Spending on health care has grown faster than the economy itself. Millions of people pay a significant portion of their income so that they and their families can access healthcare goods and services when needed. Many people take jobs solely for the purpose of paying for their health insurance. At the same time, the share of the population without health insurance grew, at least in part because of rising health care costs.
The Affordable Care Act of 2010, sometimes known as Obamacare after the President who championed the law, is the most recent and most significant federal law intended to reduce the fraction of the population without health insurance. Many reports, articles, and blogs have been devoted to tracking and interpreting the law’s effect on health plan premiums and enrollment, but little has been done to assess consequences for the wider economy, if any.
Businesses are complaining about the ACA’s new tax and regulatory burdens, whereas the law’s supporters say that it is a long-overdue “shot in the arm” that will promote entrepreneurship and a “more rapid economic recovery.” The purpose of this book is to offer a comprehensive market analysis of the law that can gauge the size of the various effects, identify new ones, and arrive at conclusions as to the law’s net impact on employment, work hours, productivity, and national income. The book contains numerous facts and economic insights that have been unnoticed by both supporters and opponents.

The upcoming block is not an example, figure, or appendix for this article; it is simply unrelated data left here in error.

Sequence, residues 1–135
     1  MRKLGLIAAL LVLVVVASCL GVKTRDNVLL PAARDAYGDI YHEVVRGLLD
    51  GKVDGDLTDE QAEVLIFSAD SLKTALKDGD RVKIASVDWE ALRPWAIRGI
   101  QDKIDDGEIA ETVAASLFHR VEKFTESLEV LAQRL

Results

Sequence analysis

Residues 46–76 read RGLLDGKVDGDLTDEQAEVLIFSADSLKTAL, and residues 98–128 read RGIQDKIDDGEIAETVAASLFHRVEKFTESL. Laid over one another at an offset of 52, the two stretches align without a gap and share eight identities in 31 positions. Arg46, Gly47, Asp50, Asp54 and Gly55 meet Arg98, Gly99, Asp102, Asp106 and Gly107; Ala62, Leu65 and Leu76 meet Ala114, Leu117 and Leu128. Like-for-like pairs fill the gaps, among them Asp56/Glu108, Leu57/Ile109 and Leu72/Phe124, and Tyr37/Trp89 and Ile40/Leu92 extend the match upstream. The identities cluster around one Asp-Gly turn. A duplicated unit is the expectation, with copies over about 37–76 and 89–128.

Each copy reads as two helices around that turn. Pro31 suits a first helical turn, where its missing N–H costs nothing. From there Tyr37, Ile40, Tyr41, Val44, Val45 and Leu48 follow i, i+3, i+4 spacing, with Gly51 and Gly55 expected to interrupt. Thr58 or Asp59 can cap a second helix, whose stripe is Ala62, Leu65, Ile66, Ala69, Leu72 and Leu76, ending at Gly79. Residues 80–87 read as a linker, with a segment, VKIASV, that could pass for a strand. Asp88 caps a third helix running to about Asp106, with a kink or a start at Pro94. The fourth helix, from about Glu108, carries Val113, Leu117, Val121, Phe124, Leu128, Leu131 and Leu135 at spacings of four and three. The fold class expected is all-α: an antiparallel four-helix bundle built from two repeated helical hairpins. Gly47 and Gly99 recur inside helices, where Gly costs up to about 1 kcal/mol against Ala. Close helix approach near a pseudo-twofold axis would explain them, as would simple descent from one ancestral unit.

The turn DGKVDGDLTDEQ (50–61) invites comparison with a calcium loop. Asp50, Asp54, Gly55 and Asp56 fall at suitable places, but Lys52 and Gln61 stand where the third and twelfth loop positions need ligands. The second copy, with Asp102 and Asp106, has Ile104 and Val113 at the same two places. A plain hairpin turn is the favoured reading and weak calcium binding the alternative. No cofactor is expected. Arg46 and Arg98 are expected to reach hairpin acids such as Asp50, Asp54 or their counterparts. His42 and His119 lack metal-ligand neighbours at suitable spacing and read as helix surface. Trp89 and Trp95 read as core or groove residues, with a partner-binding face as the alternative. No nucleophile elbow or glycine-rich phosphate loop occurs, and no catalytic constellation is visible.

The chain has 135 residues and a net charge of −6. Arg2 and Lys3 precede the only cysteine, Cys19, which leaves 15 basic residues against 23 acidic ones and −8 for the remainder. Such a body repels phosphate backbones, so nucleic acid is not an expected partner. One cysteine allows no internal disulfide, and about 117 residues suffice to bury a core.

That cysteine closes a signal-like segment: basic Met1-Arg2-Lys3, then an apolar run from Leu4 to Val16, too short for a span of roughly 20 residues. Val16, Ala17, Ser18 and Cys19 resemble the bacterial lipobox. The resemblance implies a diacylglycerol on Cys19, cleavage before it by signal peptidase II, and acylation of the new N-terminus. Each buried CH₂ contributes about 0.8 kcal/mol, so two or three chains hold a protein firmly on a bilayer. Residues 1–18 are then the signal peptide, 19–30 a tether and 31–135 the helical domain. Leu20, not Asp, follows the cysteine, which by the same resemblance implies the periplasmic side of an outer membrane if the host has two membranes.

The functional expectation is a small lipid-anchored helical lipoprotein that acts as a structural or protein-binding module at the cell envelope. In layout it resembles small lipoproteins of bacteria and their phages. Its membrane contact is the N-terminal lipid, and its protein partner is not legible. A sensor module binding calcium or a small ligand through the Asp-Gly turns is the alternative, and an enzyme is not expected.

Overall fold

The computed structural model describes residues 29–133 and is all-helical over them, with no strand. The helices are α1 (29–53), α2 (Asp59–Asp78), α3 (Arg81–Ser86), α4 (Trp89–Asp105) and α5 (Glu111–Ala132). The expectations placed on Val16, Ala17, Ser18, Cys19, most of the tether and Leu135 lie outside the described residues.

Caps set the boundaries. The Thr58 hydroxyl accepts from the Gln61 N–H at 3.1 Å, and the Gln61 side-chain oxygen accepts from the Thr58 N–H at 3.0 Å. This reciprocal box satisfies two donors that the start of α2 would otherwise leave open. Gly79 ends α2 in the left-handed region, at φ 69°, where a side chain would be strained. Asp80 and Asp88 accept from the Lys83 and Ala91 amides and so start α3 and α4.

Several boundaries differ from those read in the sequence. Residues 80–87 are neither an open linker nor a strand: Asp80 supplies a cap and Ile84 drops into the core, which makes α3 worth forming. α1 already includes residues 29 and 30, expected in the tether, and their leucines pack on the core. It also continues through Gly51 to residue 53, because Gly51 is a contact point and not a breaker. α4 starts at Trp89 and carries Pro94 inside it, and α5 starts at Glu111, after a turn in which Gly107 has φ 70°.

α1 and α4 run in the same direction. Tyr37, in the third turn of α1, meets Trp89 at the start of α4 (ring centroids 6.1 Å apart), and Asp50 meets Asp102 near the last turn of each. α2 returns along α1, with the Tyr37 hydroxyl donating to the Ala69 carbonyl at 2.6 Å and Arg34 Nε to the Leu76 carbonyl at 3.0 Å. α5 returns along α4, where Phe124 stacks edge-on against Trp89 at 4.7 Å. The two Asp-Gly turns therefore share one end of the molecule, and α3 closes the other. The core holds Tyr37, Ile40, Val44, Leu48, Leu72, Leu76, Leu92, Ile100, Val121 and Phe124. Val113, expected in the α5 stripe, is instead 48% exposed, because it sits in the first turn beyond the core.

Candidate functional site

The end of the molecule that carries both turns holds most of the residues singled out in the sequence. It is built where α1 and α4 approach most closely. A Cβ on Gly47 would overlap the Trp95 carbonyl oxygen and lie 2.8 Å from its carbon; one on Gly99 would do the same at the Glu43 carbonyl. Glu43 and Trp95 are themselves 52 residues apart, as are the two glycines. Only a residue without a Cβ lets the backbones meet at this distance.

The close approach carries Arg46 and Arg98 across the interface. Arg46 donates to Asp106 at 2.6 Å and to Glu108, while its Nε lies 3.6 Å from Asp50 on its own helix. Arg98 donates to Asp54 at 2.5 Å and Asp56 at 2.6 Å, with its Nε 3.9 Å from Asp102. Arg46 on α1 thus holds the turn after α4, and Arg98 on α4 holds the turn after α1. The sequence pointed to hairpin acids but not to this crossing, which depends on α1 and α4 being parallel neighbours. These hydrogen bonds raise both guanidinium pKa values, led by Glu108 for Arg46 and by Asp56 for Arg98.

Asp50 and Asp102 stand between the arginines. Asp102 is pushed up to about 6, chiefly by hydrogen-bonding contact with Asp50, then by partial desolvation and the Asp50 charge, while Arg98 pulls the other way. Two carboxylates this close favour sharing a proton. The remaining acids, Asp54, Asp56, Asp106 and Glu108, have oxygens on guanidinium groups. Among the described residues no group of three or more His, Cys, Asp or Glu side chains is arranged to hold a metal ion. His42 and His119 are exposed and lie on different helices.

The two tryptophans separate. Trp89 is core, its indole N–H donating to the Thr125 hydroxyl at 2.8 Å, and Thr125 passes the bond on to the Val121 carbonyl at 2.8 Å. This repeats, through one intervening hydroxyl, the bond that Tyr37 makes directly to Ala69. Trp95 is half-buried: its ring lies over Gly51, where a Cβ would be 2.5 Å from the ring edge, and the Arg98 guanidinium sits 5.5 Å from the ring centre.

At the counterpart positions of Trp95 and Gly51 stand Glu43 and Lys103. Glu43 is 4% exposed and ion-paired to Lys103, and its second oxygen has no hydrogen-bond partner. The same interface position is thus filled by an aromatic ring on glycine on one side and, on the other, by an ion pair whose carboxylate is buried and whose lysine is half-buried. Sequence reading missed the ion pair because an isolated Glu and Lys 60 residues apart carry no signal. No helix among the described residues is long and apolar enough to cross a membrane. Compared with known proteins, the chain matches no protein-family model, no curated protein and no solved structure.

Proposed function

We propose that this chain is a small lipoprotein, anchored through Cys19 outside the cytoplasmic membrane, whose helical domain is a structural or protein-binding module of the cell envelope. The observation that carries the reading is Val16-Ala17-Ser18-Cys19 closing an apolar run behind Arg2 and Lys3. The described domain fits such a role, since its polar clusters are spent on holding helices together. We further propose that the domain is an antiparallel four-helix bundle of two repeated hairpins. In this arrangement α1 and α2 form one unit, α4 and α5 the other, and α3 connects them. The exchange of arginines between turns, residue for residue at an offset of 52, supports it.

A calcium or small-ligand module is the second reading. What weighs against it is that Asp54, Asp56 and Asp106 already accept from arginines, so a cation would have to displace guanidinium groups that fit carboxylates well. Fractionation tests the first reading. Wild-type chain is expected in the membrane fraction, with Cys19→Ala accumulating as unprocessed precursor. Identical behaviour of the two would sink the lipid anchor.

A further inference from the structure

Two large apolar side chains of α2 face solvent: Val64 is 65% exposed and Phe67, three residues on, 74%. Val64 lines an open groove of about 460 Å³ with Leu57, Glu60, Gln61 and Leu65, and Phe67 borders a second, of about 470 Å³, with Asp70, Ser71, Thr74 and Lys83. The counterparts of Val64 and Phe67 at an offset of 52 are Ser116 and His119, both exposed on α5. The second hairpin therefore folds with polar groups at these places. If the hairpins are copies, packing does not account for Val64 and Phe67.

The competing characterizations of the ACA’s economic impact are essentially arguments about changes in tax rates (or labor market distortions with many of the economic characteristics of taxes), with one side saying that the law is a net increase in tax rates, and the other side saying that it is a net decrease. The first half of the book carefully documents the positive and negative tax effects, with special attention to the distinction between employment taxes and income taxes. The second half of the book looks at the economic consequences of all of the new taxes, with attention to distinguishing small effects from large ones. It offers predictions for work hours and national income through 2017, and explains why forecasters have yet to acknowledge many of the economic forces put in motion by the ACA.
Anyone interested in economic performance over the next several years has to understand the contents of the Affordable Care Act from a labor market perspective, and this book is so far the only comprehensive and user-friendly introduction to the topic.